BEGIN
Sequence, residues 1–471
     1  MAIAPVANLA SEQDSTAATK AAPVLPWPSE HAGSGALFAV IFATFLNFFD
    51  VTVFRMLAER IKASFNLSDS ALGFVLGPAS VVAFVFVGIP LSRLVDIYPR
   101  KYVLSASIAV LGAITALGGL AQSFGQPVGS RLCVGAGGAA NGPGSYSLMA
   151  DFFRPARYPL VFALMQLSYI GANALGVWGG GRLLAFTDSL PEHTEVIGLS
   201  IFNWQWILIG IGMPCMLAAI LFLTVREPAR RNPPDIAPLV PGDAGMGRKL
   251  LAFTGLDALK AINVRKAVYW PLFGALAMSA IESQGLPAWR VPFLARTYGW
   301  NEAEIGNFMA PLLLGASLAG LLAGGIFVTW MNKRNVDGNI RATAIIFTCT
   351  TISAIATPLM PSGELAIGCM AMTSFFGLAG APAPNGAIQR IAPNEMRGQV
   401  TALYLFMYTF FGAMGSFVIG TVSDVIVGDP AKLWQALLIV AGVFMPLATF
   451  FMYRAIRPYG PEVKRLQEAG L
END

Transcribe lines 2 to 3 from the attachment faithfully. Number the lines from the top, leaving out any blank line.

     1  MAIAPVANLA SEQDSTAATK AAPVLPWPSE HAGSGALFAV IFATFLNFFD
    51  VTVFRMLAER IKASFNLSDS ALGFVLGPAS VVAFVFVGIP LSRLVDIYPR